Perennials: Gardeners will be tempted to push the envelope and try more tender varieties outside their USDA climate zone. Are we in Zone 5, or 6 or 6B? Climate change seems to indicate a higher zone. Many perennials were still blooming at the New York Botanical Garden in December. Why not take a chance and plant tender perennials in protected spots?
Flowers: Seeds to plant indoors now: ageratum, alyssum, asters, nicotiana, petunias, phlox, stock and scabiosa.
Vegetables and fruits: Before planting seeds, take samples of soil in several areas and test for pH, which indicates whether the ground is acidic or alkaline. Vegetables prefer a pH reading of 5.5 to 6.8. Soil test kits are available at garden centers or send samples to your local Cornell Cooperative Extension. Amend the soil with organic matter to correct a low or high pH.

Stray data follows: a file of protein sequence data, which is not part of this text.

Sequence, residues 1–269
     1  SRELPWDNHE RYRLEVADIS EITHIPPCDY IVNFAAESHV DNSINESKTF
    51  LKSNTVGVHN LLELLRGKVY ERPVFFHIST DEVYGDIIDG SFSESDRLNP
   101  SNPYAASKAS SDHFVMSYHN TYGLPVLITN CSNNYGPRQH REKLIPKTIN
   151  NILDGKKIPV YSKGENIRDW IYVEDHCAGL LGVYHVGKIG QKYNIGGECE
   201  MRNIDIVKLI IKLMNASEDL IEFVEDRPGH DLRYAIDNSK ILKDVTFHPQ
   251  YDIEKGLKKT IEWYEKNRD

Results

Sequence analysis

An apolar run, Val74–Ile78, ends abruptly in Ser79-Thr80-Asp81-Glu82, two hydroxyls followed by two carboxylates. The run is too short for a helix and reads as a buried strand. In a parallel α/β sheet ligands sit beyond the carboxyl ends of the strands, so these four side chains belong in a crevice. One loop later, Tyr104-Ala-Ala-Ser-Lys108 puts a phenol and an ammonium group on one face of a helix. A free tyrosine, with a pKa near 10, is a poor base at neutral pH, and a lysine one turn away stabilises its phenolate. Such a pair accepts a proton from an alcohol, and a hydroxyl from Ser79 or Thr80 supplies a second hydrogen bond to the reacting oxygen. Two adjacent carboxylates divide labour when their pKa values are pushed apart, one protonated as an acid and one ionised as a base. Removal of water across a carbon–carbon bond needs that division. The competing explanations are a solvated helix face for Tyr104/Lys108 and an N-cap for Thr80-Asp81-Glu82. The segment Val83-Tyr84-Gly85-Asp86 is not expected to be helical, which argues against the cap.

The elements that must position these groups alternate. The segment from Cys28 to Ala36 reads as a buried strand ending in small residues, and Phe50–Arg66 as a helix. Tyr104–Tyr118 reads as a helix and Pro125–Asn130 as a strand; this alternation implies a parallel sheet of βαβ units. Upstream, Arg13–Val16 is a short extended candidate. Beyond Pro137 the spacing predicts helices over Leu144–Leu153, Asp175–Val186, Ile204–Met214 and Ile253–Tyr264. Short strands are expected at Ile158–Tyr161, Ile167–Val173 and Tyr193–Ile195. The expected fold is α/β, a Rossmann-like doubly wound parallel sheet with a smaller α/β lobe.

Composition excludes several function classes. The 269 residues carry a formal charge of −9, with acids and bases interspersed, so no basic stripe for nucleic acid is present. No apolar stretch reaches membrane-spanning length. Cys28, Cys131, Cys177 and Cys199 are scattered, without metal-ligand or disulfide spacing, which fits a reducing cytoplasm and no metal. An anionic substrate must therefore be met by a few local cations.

Trees and shrubs: Renovation or heavy pruning can be done in early spring on overgrown taxus, rhododendron and hedges. Feed well with an acidic fertilizer. New growth on the lower branches will improve the shrubs’ shape and appearance. Browned evergreens indicate winter wind and sun damage. Do not write them off. They may recover in spring when new growth emerges.
Lawns: If the lawn is not too soft, begin removing debris by hand or gentle raking. Wait until the ground is firm for any vigorous raking. Spread lime if not done already.
Houseplants: Pinch back houseplants to improve their appearance. Continue light fertilizing. Check frequently for insects and treat with a shower bath. Bulbs that have been forced can be placed in a light but not sunny window in anticipation of blooming.
General: This is the season for flower shows. They are a good antidote for gray winter days, and you’ll see new fashions in flowers and plants.